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The pause on the use of the Johnson & Johnson vaccine will continue as a federal panel reviews the cases of six women who received the vaccine and developed blood clots.
One case was fatal, that of a 45-year old woman with no risk factors who received the vaccine and developed cerebral venous sinus thrombosis with hemorrhage, according to information from J&J released Wednesday by the Centers for Disease Control and Prevention Advisory Committee on Immunization Practices.
All of the other five blood clotting events were also reported in females, ages 26 to 59, according to information from J&J. The 26-year-old has been discharged from the hospital, while the rest had not yet recovered as of Tuesday.
A 48-year old woman remains in critical condition. She went to the ER after three days of malaise and abdominal pain, the report said.
The panel said it was reviewing six blood clotting cases in women ages 18-48, with symptoms developing six to 13 days after vaccination.
The panel has not determined whether the serious adverse events are related to the J&J vaccination. In fact, during clinical trials two people developed cerebral venous sinus thrombosis, with one being on a placebo. Both the 25-year old male and the 24-year old female – who was on the placebo – have recovered, according to the panel's status.
The panel met the day after the CDC recommended states pause the use of the Johnson & Johnson vaccine due to the blood clotting concerns. Members are expected to meet again in a week.
More than 6.8 million doses of the vaccine have been administered.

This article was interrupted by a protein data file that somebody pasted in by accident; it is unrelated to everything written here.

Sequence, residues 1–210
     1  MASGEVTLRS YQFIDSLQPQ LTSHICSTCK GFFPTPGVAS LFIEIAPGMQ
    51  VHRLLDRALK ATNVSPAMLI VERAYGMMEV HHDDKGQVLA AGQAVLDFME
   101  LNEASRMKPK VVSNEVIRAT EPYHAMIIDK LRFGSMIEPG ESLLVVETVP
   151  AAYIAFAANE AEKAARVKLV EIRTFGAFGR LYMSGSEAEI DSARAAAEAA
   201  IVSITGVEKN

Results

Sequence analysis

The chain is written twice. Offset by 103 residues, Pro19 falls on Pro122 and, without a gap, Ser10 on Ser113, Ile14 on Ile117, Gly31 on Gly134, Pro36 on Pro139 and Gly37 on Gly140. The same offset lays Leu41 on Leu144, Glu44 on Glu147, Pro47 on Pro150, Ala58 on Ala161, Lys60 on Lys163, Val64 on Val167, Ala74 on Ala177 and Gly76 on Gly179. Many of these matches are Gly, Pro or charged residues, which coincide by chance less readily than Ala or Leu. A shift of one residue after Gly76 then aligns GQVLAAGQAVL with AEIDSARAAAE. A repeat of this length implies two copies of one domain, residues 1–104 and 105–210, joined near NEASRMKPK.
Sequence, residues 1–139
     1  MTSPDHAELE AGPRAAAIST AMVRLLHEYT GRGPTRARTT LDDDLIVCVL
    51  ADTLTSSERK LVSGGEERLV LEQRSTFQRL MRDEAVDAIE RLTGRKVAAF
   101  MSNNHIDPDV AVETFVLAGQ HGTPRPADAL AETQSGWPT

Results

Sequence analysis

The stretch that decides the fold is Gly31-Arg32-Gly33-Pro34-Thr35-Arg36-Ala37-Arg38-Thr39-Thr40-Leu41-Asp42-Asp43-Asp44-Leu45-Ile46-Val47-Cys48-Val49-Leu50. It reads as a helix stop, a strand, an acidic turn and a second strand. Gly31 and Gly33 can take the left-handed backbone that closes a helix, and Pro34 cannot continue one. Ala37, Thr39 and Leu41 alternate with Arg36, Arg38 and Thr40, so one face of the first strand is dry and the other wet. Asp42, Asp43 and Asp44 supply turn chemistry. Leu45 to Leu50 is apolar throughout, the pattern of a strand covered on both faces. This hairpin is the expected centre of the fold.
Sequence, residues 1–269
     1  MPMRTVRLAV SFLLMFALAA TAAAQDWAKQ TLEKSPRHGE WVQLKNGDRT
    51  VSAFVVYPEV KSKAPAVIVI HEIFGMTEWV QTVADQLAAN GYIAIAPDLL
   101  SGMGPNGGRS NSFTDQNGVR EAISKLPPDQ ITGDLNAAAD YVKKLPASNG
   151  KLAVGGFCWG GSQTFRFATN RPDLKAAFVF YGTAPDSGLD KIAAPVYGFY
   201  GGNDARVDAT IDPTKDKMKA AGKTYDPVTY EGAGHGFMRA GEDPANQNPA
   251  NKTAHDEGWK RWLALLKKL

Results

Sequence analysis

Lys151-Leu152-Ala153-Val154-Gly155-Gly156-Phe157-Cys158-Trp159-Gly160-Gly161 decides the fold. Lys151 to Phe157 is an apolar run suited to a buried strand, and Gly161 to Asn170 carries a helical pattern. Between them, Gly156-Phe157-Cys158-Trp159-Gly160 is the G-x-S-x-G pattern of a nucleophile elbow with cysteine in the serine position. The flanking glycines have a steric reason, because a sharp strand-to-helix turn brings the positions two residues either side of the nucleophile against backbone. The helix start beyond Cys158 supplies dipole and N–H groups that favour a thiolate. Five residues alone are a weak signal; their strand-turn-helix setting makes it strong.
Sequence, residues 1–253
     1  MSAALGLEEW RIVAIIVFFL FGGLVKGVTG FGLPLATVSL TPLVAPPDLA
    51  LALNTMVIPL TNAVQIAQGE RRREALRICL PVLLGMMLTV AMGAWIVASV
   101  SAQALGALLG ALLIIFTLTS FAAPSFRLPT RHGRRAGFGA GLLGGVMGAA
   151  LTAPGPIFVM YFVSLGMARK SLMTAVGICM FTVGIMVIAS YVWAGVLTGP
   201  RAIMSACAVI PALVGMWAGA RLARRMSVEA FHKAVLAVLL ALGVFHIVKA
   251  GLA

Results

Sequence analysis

WHY THIS MATTERS
The postponement means the pause on J&J's vaccine will remain in effect.
President Joe Biden said Tuesday that the lack of having a third COVID-19 vaccine to administer will not impact supply. An estimated 600 million doses from Moderna and Pfizer are available, he said, adding there is enough supply to vaccinate every American.
THE LARGER TREND
Health concerns for blood clots also exist for the AstraZeneca COVID-19 vaccine, which is not in use in the United States.
Denmark said Tuesday it would no longer use the AstraZeneca vaccine, not out of health safety concerns, but because it was not needed. That's because the country is in such an advanced stage of the vaccine rollout, according to CNN.
The European Medicines Agency found a possible link between the AstraZeneca COVID-19 vaccine and very rare cases of unusual blood clots with low blood platelets.
However, Barron's reported that research from the University of Oxford shows the Pfizer and Moderna vaccines also carry the rare blood clotting risk.
Cerebral venous thrombosis developed in four in a million people who received those vaccines, the report said. This compares to five in a million people who developed blood clots after the first dose of AstraZeneca.
ON THE RECORD
J&J said by statement: "The safety and well-being of the people who use our products is our number one priority. While causality has not been fully established between these very rare events and our vaccine, we recognize these events could represent an important potential risk with the Janssen vaccine."
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